WASHINGTON, Dec. 21, 2012 /PRNewswire-USNewswire/ -- In comments filed today with the U.S. Department of Health and Human Services (HHS), Consumers Union, the policy arm of Consumer Reports, praised the proposed rules that will provide consistent standards for measuring coverage and making it easier for consumers to compare health plan options. The group commended the robust standards for measuring health plan value, but warned regulators about giving insurers too much flexibility when it comes to benefit substitutions.
"We are pleased that the rules will ensure that consumers have a common yardstick to measure the generosity of coverage of different plans," said Lynn Quincy, senior health policy analyst for Consumers Union. "For consumers who can't get health insurance through their employer, having these uniform standards will help them navigate their new improved health plan options in 2014 and beyond."
While the group praised the use of a single actuarial value calculator, they recommended changes be made to the calculator to make it more robust. Notably, the comments urged using a single, standard population rather than the proposed four populations reflecting different levels of health care spending.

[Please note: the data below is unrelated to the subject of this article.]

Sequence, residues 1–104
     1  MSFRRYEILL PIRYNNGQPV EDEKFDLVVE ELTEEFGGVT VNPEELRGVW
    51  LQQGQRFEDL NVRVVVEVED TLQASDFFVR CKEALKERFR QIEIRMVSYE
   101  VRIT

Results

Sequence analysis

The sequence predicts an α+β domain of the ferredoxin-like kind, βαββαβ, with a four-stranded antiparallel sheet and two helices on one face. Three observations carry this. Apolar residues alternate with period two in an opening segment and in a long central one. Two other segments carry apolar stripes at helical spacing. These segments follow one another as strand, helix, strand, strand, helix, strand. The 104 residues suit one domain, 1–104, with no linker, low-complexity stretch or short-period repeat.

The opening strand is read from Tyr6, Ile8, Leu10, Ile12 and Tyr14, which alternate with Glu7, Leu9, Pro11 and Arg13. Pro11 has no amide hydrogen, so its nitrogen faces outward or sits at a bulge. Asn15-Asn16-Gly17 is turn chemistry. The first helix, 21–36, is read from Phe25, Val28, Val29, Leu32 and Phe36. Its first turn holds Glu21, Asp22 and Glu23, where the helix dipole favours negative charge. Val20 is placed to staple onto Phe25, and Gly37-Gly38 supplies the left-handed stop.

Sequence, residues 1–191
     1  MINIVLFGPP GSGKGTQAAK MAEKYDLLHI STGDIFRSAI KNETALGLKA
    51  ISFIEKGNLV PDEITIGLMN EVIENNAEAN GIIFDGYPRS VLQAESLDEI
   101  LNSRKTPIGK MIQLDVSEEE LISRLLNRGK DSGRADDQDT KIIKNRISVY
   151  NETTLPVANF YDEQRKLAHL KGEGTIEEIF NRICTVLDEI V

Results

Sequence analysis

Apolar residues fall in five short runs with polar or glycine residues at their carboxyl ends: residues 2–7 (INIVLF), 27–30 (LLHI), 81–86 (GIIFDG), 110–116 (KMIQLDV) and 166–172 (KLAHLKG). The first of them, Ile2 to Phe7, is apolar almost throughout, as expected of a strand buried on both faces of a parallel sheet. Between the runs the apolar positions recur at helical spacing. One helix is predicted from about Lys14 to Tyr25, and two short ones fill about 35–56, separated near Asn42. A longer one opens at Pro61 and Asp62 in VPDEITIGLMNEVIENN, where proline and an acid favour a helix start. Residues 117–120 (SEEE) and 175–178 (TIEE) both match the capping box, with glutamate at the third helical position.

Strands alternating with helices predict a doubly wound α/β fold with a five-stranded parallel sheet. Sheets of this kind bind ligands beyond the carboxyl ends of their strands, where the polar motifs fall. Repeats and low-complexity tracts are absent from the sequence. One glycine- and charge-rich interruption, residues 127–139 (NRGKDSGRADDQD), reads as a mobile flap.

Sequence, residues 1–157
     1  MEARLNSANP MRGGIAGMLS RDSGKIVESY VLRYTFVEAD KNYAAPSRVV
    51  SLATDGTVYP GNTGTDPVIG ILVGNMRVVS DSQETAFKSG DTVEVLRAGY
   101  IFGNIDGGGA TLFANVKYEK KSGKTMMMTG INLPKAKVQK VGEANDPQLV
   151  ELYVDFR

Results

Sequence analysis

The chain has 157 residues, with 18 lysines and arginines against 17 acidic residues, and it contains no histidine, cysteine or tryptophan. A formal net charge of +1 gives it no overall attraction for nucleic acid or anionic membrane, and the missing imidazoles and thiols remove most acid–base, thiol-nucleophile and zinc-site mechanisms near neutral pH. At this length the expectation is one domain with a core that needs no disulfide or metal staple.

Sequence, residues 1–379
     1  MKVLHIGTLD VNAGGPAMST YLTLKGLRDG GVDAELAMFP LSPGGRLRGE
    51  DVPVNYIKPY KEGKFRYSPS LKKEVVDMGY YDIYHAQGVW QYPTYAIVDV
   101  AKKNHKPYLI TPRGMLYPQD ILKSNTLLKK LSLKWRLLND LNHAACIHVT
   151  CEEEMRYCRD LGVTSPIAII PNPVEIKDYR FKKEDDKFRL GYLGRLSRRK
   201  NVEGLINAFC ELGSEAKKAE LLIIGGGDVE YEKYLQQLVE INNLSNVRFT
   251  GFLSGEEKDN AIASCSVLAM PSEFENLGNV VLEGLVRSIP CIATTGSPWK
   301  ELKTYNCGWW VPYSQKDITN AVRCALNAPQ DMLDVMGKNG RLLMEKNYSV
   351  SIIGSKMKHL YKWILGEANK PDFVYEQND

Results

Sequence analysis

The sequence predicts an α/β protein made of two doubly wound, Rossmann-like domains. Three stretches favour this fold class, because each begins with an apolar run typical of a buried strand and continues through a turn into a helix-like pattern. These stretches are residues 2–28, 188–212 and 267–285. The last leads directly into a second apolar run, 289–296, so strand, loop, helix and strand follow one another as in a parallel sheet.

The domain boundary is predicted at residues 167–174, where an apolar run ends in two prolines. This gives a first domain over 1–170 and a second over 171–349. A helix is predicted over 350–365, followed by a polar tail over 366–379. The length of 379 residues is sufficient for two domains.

Quincy said, "The goal of the actuarial value calculator is to reveal differences in health plan cost-sharing, while holding everything else constant. For this type of estimation, it is appropriate to use a single standard population so that cost-sharing differences aren't obscured by underlying differences in the population using services."
Consumers Union also warned about the number of benefit substitutions that insurers could make, recommending that this be minimized to ensure that the benefits remained "substantially equal" to the benchmark plan, as required by law. The group suggested finding a way to make these substitutions more obvious to consumers, such as highlighting how the plan varies from the benchmark plan in the Summary of Benefits and Coverage form.
"The fact that there is no standard way to account for these substitutions could undermine the gain that consumers get with a standardized actuarial value," said Quincy. "We strongly recommend developing a way to measure substitutions using a common standard, as has been done for cost sharing. Furthermore, HHS must establish a line that makes it clear when the extent of substitutions means a plan is no longer 'substantially equivalent' to the benchmark plan."
A copy of the full comments can be found at:
SOURCE Consumers Union